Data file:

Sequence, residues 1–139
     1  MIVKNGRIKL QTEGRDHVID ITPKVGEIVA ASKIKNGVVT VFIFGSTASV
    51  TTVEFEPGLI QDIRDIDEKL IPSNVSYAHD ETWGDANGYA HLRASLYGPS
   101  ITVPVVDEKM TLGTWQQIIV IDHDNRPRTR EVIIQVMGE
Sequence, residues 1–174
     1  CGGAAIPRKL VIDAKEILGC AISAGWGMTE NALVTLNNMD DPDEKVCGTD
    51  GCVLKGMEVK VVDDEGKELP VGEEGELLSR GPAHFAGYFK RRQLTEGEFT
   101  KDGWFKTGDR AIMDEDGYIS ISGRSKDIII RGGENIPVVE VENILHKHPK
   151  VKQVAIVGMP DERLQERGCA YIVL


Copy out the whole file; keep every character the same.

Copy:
Sequence, residues 1–139
     1  MIVKNGRIKL QTEGRDHVID ITPKVGEIVA ASKIKNGVVT VFIFGSTASV
    51  TTVEFEPGLI QDIRDIDEKL IPSNVSYAHD ETWGDANGYA HLRASLYGPS
   101  ITVPVVDEKM TLGTWQQIIV IDHDNRPRTR EVIIQVMGE
Sequence, residues 1–174
     1  CGGAAIPRKL VIDAKEILGC AISAGWGMTE NALVTLNNMD DPDEKVCGTD
    51  GCVLKGMEVK VVDDEGKELP VGEEGELLSR GPAHFAGYFK RRQLTEGEFT
   101  KDGWFKTGDR AIMDEDGYIS ISGRSKDIII RGGENIPVVE VENILHKHPK
   151  VKQVAIVGMP DERLQERGCA YIVL